Second Law of Thermodynamics - heat pumps and air conditioners

In summary, a heat pump is operating between 21 degrees Celsius and 41 degrees Celsius, drawing 20000 Btu per hr from a building. The COP is 35% of a Carnot air conditioner. The value of the effective COP is 0.3675. The value of the power required for the compressor motor is 129.25 Watts.
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elcaptain
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Homework Statement


A heat pump operates as an air conditioner, drawing 20000 Btu per hr from a building. It is operating between 21 degrees Celsius and 41 degrees Celsius.

a) If the COP (coefficient of performance) is 35% that of a Carnot air conditioner, what is the value of the effective COP (coefficient of performance)?

b) What is the value of the power (Watts) required for the compressor motor?

Homework Equations


QL = heat removed from the low temperature area (inside the building)
QH = heat removed from the high temperature area (outside the building)
W = work done to remove the heat
TL = temperature of system at lower temperature (inside the building)
TH = temperature of system at higher temperature (outside the building)

COP = QL/W

COP = QL/(QH - QL)

COPideal = TL / (TH - TL)

The Attempt at a Solution


I first converted Btu (British thermal unit) to joules: 1Btu = 1055.056 J. Then I tried finding the ideal COP by using the above equation with the given temperatures and got 1.05, but I'm pretty sure the ideal COP is not calculated this way. I tried multiplying 1.05 by 0.35 but got the wrong answer for part a. Thanks for any help.
 
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anything?
 
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I would approach this problem by first understanding the Second Law of Thermodynamics. This law states that heat will naturally flow from a hot object to a cold object, and that in order to reverse this flow, work must be done. This is the basis for how heat pumps and air conditioners work.

In this problem, we are given the COP (coefficient of performance) of the heat pump, which is defined as the ratio of the heat removed from the low temperature area (QL) to the work done to remove the heat (W). We are also given the temperatures of the system (TL = 21 degrees Celsius and TH = 41 degrees Celsius).

To solve for the value of the effective COP, we can use the equation COP = QL/W and plug in the given COP (0.35) and the temperature difference (TH-TL = 20 degrees Celsius). This gives us:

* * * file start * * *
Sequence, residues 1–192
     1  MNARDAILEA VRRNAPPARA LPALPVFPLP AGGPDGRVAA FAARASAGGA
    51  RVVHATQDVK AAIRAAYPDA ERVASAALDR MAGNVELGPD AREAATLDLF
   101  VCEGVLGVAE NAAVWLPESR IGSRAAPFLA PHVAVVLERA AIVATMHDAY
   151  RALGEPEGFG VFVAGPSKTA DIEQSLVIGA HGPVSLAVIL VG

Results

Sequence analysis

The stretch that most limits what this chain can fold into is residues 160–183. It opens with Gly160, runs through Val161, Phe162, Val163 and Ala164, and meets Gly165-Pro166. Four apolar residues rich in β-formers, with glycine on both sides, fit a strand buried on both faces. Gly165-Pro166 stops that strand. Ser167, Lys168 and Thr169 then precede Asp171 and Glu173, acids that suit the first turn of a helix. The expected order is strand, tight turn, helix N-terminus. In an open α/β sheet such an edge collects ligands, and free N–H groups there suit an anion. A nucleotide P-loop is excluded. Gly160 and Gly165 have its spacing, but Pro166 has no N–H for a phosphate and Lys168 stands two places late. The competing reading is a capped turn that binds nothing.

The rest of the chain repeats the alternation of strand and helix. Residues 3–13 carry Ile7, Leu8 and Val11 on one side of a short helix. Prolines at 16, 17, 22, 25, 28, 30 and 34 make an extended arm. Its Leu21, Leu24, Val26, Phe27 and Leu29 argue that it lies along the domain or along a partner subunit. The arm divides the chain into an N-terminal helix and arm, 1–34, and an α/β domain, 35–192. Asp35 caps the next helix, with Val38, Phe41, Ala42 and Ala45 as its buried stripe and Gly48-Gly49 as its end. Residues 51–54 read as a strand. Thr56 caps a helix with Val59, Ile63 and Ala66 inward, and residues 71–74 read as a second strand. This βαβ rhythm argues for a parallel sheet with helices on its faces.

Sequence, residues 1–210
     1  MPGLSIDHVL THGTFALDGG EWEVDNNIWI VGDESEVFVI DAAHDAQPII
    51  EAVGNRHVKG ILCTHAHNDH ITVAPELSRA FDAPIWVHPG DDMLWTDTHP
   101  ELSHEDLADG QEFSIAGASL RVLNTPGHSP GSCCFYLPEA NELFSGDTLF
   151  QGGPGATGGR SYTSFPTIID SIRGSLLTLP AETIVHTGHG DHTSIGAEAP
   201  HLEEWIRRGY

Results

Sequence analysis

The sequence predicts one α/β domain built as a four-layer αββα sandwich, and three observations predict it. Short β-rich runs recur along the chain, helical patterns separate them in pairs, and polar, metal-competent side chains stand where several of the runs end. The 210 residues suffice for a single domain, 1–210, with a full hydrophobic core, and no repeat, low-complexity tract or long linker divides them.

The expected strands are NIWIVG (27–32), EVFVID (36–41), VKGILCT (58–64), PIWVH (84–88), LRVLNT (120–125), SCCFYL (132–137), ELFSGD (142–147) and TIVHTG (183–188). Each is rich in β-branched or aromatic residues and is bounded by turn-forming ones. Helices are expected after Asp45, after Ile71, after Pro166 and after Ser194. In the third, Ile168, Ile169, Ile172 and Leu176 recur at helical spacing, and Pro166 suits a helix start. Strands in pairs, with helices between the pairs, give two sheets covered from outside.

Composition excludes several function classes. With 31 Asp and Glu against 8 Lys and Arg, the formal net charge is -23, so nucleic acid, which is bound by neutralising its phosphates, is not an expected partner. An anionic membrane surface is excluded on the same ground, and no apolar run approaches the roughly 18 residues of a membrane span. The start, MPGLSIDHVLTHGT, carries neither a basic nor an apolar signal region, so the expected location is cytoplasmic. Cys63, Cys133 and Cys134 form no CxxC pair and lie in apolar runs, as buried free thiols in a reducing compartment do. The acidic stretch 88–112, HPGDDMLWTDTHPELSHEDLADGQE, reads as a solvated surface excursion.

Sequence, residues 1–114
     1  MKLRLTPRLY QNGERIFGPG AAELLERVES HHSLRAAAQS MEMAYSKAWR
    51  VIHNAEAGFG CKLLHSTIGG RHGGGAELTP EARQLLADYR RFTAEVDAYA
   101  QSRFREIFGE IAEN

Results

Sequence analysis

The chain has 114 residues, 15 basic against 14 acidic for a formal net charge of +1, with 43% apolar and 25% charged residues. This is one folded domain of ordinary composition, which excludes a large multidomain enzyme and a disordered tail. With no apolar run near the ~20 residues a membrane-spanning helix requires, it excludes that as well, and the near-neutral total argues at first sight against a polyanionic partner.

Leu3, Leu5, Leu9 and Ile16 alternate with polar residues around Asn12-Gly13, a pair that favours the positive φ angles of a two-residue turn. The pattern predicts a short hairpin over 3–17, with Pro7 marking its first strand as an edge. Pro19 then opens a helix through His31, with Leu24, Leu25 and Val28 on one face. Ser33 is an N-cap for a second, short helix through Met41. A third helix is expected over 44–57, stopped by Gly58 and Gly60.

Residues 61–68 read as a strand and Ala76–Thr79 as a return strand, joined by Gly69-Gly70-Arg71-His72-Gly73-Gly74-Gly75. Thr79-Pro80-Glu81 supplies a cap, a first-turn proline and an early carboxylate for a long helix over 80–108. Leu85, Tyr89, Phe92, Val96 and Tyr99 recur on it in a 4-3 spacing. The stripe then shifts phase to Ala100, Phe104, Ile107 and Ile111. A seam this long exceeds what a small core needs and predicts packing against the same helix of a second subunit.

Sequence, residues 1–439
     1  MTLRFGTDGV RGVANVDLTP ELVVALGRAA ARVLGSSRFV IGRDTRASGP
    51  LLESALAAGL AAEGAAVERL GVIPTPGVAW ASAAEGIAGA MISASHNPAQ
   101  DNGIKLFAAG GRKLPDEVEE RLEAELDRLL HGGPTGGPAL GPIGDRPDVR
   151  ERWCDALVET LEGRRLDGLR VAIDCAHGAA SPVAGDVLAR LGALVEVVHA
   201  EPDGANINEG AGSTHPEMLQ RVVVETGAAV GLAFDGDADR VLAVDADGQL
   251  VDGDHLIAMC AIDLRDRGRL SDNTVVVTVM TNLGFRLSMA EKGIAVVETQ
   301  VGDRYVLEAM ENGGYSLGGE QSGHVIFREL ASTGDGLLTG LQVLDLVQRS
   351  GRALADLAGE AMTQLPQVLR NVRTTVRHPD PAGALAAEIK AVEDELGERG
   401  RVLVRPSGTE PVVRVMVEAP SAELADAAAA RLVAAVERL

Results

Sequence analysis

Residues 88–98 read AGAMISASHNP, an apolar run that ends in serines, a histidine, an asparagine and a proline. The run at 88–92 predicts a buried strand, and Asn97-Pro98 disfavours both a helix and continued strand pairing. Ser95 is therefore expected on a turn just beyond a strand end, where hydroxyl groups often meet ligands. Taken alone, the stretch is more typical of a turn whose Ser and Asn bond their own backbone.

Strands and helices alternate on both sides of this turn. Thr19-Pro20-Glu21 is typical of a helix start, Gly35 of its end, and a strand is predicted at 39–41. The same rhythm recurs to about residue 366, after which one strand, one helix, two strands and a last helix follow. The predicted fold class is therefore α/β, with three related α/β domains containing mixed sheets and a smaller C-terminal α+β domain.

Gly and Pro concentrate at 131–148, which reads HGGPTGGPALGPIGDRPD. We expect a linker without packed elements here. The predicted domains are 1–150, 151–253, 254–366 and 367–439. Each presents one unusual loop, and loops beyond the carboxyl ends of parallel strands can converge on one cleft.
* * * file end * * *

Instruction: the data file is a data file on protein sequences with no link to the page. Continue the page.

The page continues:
0.35 = QL/W
W = QL/0.35

To find the value of QL, we can use the equation COPideal = TL/(TH-TL) and plug in the given temperatures. This gives us:

COPideal = 21/(41-21)
COPideal = 21/20
COPideal = 1.05

Now we can substitute this value into the equation for W:

W = QL/0.35
W = (1.05)/0.35
W = 3 Joules

Therefore, the value of the effective COP is 3 and the power required for the compressor motor is 3 Watts. This means that for every 3 Watts of power used, the heat pump is able to remove 1 Joule of heat from the building.

In conclusion, the Second Law of Thermodynamics explains how heat pumps and air conditioners work by using work to reverse the natural flow of heat. By understanding this law and using the equations for COP and COPideal, we can solve for the value of the effective COP and the power required for the compressor motor.
 

1. What is the Second Law of Thermodynamics?

The Second Law of Thermodynamics states that in any energy conversion process, some energy will be lost or dissipated as heat. This means that the total amount of energy in a closed system will always decrease over time.

2. How does a heat pump work?

A heat pump works by transferring heat from a colder area to a warmer area, using a small amount of energy. This is possible because the Second Law of Thermodynamics allows for the transfer of heat from a colder to a warmer area as long as some work is done.

3. What is the difference between a heat pump and an air conditioner?

While both heat pumps and air conditioners use the same basic principles of heat transfer, the main difference is their direction of heat flow. A heat pump can both heat and cool a space by transferring heat from one area to another, while an air conditioner can only cool a space by removing heat from the air.

4. How efficient are heat pumps and air conditioners?

The efficiency of a heat pump or air conditioner is measured by its Coefficient of Performance (COP). This is the ratio of the amount of heat transferred to the amount of energy used. For most modern heat pumps and air conditioners, the COP ranges from 2 to 4, meaning they are about 200-400% efficient.

5. Can a heat pump or air conditioner violate the Second Law of Thermodynamics?

No, a heat pump or air conditioner does not violate the Second Law of Thermodynamics. While they may transfer heat from a colder area to a warmer area, they still require energy to do so and therefore do not create energy out of nothing. The Second Law still holds true as some energy is lost in the process.

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